Acura has long been putting out vehicles that have been loved by families and enthusiasts alike for decades. It is a known fact that every automotive manufacturer has submitted to the Crossover and SUV trend that has flooded the entire automotive community and to be really fair it isn’t the manufacturer’s fault. In today’s scenario, people demand a vehicle that is more practical than engaging as most view vehicles as just a means of transportation, and whichever vehicle appears to be the most efficient in doing so is dubbed as the best.
The 2020 Acura MDX is one of the most under the radar full-size SUV’s right now in the market as I suspect that not many put the MDX on their consideration list due to quite a few reasons which will become apparent as you progress through this article. On first glance, the MDX appears to be an extremely handsome looking SUV as the front and rear styling of the newer Acuras is something that I highly appreciate. The generous amount of grille and huge Acura badge that house the entire front sensors look particularly nice although truth be told it isn’t to everybody’s taste. The overall proportions of the MDX seem to be spot on as the MDX has a distinctive stance and a pretty sporty vibe due to the amazing LED headlamps and edgy character lines. you can read comparisons of MDX on this website and make your choices.
Under the hood, the MDX is available with two engine options which are both above average units but certainly nothing remarkable. The MDX comes available with a 290 hp V6 in the base model but it can also be had with a hybrid motor that adds a 72 hp Twin Motor Unit to the rear wheels while a 47 hp electric motor is geared to the transaxle for extra thrust and battery charging duties. The MDX’s power plants come mated to a 9 Speed automatic transmission which although is quite smooth on the upshift, struggles quite a lot when a downshift is necessary for sudden bursts of acceleration. The naturally aspirated motor of the MDX might feel a little gutless to some but it does make a respectable clatter through the exhausts, it also helps the MDX tow a substantial 5000 pounds which unfortunately is not possible if you choose the hybrid since Acura advises the owners to not use the hybrid models for towing.
The hybrid variant of the MDX is deceptively quick and should help satisfy the boy racer inside you as the MDX also is one of the better handlers in its segment. The optional Super Handling All-Wheel Drive system or SH-AWD available on the MDX is a very intriguing system that is offered by Acura as it does noticeably make the MDX spritelier. The SH-AWD system helps make the MDX more agile, sure-footed and capable through the twisties which are rare to find in a three-row luxury SUV. The brakes on offer on the MDX are something that could definitely use some polishing up as they do tend to fade after aggressive usage and aren’t the most feedback intensive units available on the market.
When stepping inside the cabin, the Acura MDX does start to make it pretty apparent as to why it isn’t very high on our recommendation list when looking for a luxury three-row SUV. On the positive side, the Acura MDX does come in hot with quite a list of modern safety and convenience features in the form of lane departure warning, lane-keep assist, automated emergency braking, adaptive cruise control and a heated steering wheel among the most notable and it also has one of the sportier set of seats amongst its rivals since they are quite well-bolstered and hug you decently well when going a little hard with your right foot along with a curvy piece of asphalt. To my dismay though, it is here where the happy go lucky tour of the MDX stops as the MDX severely underperforms in the remaining aspects of the interior.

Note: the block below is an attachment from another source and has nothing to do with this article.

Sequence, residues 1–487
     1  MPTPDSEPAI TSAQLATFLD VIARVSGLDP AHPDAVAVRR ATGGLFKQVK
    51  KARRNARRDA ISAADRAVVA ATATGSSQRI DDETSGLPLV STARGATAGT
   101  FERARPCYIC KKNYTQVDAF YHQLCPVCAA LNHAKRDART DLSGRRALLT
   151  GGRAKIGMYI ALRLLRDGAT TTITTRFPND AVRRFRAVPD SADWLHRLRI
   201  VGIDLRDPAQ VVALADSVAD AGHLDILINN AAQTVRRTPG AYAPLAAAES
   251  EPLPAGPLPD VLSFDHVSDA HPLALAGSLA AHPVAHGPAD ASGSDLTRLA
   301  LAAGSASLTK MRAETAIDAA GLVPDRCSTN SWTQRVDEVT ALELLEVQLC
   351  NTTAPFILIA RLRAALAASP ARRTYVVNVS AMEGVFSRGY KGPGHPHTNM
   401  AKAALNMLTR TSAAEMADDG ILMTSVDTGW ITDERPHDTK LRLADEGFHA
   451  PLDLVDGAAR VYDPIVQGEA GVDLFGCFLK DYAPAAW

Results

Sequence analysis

The biggest flaw inside the MDX’s cabin has to undoubtedly be the infotainment system that Acura has decided to equip with the MDX. It is shameful to see that a vehicle that sits at the caliber of the MDX comes with an infotainment system that has not even single merit to its name. The infotainment “screen” or screens, since the MDX comes with a dual-display setup that houses one touch screen and another display unit which are supposed to work in tandem fall flat on their faces are one of the most hideous looking displays in any vehicle are a laugh in the face of ease of use. The twin display is unintuitive to use as it requires both touch inputs on the lower screen and a rotary input on the higher display which is nothing short of confusing. The user interface is dated and feels laughable for a vehicle that is supposed to go against the likes of the Audi Q7 and the XC 90.
The bench seats on offer in the second row of the MDX are sufficiently comfortable and offer good amounts of adjustability but this does come at the cost of cramping up the last row of seats on the MDX reducing down the usability of the third row to only be able to house teenagers and short built adults for short stretches. The MDX also though has one of the most practical cabins in its segment with a huge array of storage spaces littered throughout the interior, it does lose out to its competition in the form of the Q7 and XC 90 as both of these vehicles have superior cargo room in their boots.
The Acura MDX might be a good looking vehicle on its surface that comes with a potent set of power trains but the fact that the interior on the MDX is not worthy of even being listed in the same segment as something like the XC 90 says volumes about why the MDX is ignored by the general public that is shopping in the segment. The MDX has arguably the worst infotainment in the business right now and has a myriad of cheap finishes and material scattered around the cabin that do not justify the price tag and title of a luxury SUV. If Acura was to switch the interior on the MDX to something that was more in line with the Acura RDX, we might just reconsider the MDX.